Winair DHC6 at Saint Barthelemy on Jan 24th 2014, aircraft on final approach struck pedestrian on road

Last Update: December 31, 2020 / 17:59:28 GMT/Zulu time

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Incident Facts

Date of incident
Jan 24, 2014

Classification
Report

Airline
Winair

Departure
Sint Maarten

Aircraft Registration
PJ-WIS

ICAO Type Designator
DHC6

A Winair de Havilland DHC-6-300 Twin Otter, registration PJ-WIS performing a flight from Sint Maarten (Dutch Antilles) to Saint Barthelemy (Saint Barthelemy) with 15 passengers and 2 crew, was on final approach to Saint Barthelemy's runway 10 crossing over the road ahead of the runway when the crew felt a jolt. The crew continued for a safe landing without further incident and taxied to the apron. They subsequently informed the controller about the jolt and were told, they had struck a pedestrian on the road.

The pedestrian, a professional photographer taking photos of arriving aircraft, reported he felt he was far enough from the approach track to be out of danger, however, the aircraft hit his camera causing it to fall to the ground throwing him off balance too. He was taken to a hospital for assessment but diagnosed with no injuries.

On Dec 31st 2020 the French BEA released their final report in French only (Editorial note: to serve the purpose of global prevention of the repeat of causes leading to an occurrence an additional timely release of all occurrence reports in the only world spanning aviation language English would be necessary, a French only release does not achieve this purpose as set by ICAO annex 13 and just forces many aviators to waste much more time and effort each in trying to understand the circumstances leading to the occurrence. Aviators operating internationally are required to read/speak English besides their local language, investigators need to be able to read/write/speak English to communicate with their counterparts all around the globe).

The BEA concluded the probable cause of the serious incident was:

The serious incident was the result of the low pass of the aircraft over the road as well as the presence of the pedestrian at the approach axis which is marked as an area of risk.

The unusually low trajectory of the aircraft may be caused by incorrect height maintained by the pilot, destabilization due to turbulence or a combination of both factors.

The investigation did not determine whether the pedestrian was aware of the risk he incured despite the markings of the area.

Beyond the risk of injuries to third parties on the ground this serious incident illustrates the risk of this specific approach with respect to crossing height of fixed or mobile obstacles. Their avoidance is basically based on trajectory management by the pilot during an extremely complex phase of flight.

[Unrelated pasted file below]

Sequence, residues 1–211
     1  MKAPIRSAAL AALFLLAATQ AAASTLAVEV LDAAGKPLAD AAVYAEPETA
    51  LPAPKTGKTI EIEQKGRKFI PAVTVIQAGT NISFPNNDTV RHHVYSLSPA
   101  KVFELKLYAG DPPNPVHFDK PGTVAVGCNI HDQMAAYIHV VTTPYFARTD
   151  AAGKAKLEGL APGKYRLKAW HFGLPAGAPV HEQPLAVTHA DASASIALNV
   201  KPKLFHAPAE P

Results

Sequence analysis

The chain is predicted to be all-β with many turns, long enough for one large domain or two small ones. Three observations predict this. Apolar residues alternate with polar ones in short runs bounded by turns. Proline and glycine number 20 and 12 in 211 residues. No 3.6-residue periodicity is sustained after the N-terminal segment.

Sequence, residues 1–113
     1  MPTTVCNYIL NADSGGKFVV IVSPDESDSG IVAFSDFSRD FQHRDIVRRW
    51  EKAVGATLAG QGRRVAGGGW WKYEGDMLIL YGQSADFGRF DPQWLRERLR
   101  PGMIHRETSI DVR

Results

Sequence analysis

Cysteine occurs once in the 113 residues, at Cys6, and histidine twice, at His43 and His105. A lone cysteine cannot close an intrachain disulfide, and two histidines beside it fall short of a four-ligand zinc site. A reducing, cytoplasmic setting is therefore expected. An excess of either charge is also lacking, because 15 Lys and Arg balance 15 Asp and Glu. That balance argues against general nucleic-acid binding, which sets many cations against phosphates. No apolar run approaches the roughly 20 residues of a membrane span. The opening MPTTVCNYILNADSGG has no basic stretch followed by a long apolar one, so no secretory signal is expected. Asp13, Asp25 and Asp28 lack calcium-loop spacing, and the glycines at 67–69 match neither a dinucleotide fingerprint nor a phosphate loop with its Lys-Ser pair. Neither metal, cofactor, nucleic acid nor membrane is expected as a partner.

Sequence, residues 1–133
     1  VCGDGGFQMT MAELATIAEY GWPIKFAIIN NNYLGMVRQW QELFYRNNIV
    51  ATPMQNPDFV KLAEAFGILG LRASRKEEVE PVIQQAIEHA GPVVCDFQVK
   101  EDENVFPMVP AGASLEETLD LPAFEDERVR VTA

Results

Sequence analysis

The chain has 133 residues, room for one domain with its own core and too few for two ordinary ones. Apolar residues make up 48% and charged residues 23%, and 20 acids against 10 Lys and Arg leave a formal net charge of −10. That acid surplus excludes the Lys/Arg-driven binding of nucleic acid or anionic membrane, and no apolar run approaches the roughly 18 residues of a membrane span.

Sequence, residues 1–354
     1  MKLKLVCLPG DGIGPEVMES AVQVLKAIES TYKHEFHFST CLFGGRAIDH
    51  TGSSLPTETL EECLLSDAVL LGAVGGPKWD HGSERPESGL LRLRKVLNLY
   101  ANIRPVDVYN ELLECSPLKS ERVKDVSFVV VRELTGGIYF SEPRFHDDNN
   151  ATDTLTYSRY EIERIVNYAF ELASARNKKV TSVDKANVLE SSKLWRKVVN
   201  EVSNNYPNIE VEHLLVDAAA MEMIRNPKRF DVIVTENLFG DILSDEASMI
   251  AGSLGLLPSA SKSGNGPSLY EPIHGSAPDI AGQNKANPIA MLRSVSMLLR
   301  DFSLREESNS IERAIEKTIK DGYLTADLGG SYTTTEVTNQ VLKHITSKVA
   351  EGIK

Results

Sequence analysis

The risks of this specific approach must be seen in the light of the importance of the airport for the economy of the island and the connectivity to the rest of the world. The competent authorities have taken measures to mitigate the risks through access restrictions, mandatory specific training for flight crews in particular flight crew operating commercial flights.

The captain (CPL, 9,500 hours total, 9,200 hours on type) was pilot flying and properly licensed to operate into St. Barth. The first officer (CPL, 800 hours total) was pilot monitoring.

The BEA described the situation at St. Barth: runway 10/28 is paved, runway 10 has a downward slope of about 2%. On approach to runway 10, about 150 meters before the threshold, the aircraft cross over a road generally less than 10 meters above the road, which is marked on visual approach charts as 157 feet above the runway threshold.

No risk studies have been performed to date to assess the risk of collisions with vehicles or pedestrians. However, there were arrangments with the local businesses, technical services to operate oversized vehicles along the road only outside the operating hours of the airport.

The BEA did not receive any other reports of collisions with vehicles or pedestrians over the years, however, in 2016 a pilot of an arriving PC12 was observed by AFIS to exit his aircraft after landing and disembarkment of passengers to inspect the aircraft and then the road. He returned to the aircraft and departed without filing an incident report. AFIS requested fire fighters to inspect the road, who found a damaged road sign.
Incident Facts

Date of incident
Jan 24, 2014

Classification
Report

Airline
Winair

Departure
Sint Maarten

Aircraft Registration
PJ-WIS

ICAO Type Designator
DHC6

This article is published under license from Avherald.com. © of text by Avherald.com.
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